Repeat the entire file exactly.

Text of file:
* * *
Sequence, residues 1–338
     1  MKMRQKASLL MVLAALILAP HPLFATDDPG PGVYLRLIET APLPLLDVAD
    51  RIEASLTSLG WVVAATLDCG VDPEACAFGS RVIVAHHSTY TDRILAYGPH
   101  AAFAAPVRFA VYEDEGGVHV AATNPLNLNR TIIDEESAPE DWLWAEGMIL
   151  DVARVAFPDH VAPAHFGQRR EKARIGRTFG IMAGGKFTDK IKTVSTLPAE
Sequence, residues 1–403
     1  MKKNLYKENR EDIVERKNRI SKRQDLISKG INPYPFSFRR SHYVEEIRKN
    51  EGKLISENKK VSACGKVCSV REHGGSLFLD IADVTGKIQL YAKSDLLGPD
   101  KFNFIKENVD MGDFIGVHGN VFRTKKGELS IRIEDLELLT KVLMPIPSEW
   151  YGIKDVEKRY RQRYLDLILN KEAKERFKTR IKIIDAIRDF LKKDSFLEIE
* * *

Sequence, residues 1–338
     1  MKMRQKASLL MVLAALILAP HPLFATDDPG PGVYLRLIET APLPLLDVAD
    51  RIEASLTSLG WVVAATLDCG VDPEACAFGS RVIVAHHSTY TDRILAYGPH
   101  AAFAAPVRFA VYEDEGGVHV AATNPLNLNR TIIDEESAPE DWLWAEGMIL
   151  DVARVAFPDH VAPAHFGQRR EKARIGRTFG IMAGGKFTDK IKTVSTLPAE
Sequence, residues 1–403
     1  MKKNLYKENR EDIVERKNRI SKRQDLISKG INPYPFSFRR SHYVEEIRKN
    51  EGKLISENKK VSACGKVCSV REHGGSLFLD IADVTGKIQL YAKSDLLGPD
   101  KFNFIKENVD MGDFIGVHGN VFRTKKGELS IRIEDLELLT KVLMPIPSEW
   151  YGIKDVEKRY RQRYLDLILN KEAKERFKTR IKIIDAIRDF LKKDSFLEIE